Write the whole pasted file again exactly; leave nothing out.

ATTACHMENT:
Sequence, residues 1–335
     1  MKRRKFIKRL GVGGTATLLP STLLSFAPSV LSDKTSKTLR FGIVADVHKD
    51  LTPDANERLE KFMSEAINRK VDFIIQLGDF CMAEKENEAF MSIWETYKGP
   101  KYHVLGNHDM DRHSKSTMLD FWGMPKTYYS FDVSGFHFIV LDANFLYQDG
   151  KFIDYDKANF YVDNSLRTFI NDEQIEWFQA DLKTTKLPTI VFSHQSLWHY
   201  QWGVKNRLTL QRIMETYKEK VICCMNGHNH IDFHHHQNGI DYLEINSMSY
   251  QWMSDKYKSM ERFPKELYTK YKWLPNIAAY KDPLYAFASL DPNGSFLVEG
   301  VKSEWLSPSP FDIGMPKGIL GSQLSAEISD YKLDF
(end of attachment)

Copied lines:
Sequence, residues 1–335
     1  MKRRKFIKRL GVGGTATLLP STLLSFAPSV LSDKTSKTLR FGIVADVHKD
    51  LTPDANERLE KFMSEAINRK VDFIIQLGDF CMAEKENEAF MSIWETYKGP
   101  KYHVLGNHDM DRHSKSTMLD FWGMPKTYYS FDVSGFHFIV LDANFLYQDG
   151  KFIDYDKANF YVDNSLRTFI NDEQIEWFQA DLKTTKLPTI VFSHQSLWHY
   201  QWGVKNRLTL QRIMETYKEK VICCMNGHNH IDFHHHQNGI DYLEINSMSY
   251  QWMSDKYKSM ERFPKELYTK YKWLPNIAAY KDPLYAFASL DPNGSFLVEG
   301  VKSEWLSPSP FDIGMPKGIL GSQLSAEISD YKLDF